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Suppose I have a POJO A and some client code that serves it. I have created POJO B, which doesn't have anything in common with A, but I want to use it in the methods that use A, so I decided to create a marker interface C, that both implement and change the signature of the methods to serve them both.

Considering that apart from being able to be served by those methods, these two POJO don't have one field or method in common, should they really be considered as part of some interface, that I understand defines a contract or behaviour? Since this "contract C" does not specify any behaviour is it a contract at all? How does Liskov Substitution Principle define this? You could say that both POJOs can be replaced by C in these methods, meaning nothing breaks, so it sounds like the rule is not broken at all.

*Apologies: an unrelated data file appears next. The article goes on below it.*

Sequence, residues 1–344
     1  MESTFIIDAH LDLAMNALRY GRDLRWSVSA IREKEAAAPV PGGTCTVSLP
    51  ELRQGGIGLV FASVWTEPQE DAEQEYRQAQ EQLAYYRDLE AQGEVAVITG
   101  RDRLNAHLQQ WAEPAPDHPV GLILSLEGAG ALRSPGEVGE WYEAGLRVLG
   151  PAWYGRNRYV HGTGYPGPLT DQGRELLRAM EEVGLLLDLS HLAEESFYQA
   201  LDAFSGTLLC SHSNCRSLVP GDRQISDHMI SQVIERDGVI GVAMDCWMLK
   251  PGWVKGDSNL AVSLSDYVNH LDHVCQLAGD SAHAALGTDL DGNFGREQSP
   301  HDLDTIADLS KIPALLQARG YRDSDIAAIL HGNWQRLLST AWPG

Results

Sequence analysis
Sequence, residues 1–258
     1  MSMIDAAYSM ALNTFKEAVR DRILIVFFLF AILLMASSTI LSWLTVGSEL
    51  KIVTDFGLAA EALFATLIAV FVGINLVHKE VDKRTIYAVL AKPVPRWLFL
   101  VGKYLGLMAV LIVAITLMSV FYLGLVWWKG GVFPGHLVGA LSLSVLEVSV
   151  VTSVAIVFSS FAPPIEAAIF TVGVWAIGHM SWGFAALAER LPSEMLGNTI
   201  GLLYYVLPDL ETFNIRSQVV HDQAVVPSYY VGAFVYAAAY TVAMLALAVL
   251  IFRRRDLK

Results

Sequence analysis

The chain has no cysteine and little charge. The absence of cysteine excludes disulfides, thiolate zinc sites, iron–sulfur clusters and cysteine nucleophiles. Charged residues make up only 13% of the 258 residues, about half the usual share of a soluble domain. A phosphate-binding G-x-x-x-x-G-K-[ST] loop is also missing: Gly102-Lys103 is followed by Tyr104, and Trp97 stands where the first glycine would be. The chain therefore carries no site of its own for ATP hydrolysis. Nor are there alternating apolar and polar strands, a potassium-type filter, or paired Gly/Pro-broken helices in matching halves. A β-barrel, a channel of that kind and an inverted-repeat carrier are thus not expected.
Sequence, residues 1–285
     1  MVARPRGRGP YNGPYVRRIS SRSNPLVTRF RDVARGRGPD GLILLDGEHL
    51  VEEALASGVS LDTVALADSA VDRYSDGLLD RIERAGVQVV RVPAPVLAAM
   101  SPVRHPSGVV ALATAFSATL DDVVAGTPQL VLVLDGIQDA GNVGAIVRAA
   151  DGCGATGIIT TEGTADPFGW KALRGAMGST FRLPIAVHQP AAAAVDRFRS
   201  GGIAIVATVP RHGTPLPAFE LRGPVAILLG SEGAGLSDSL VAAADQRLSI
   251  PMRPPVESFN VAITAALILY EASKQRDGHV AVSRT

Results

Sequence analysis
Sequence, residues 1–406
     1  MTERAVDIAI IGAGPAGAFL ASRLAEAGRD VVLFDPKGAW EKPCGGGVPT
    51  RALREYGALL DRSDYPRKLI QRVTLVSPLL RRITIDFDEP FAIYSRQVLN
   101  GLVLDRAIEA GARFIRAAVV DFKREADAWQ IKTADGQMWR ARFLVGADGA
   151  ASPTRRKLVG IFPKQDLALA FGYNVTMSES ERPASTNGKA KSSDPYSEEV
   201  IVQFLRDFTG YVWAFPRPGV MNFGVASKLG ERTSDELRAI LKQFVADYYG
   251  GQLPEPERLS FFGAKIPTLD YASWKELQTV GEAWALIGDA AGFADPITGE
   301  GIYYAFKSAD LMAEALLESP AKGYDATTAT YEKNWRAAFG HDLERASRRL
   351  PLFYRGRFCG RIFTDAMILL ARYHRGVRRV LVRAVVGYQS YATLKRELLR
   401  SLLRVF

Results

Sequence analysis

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    If A and B have no members in common at all, then what does the client code actually do to them? Does it use only Object methods? Then it should simply accept Object and not EitherAOrB. – Kilian Foth Apr 26 '16 at 16:57
  • If you can modify both classes A and B, why don't you extract a real interface? You have to, to replace the one with the other. I think it would be easier to give an answer if you were more concrete about A and B. – Andy Apr 26 '16 at 17:49
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I would say that Marker interfaces are a code smell in themselves. I'm not convinced they were ever a good idea but annotations definitely make them obsolete.

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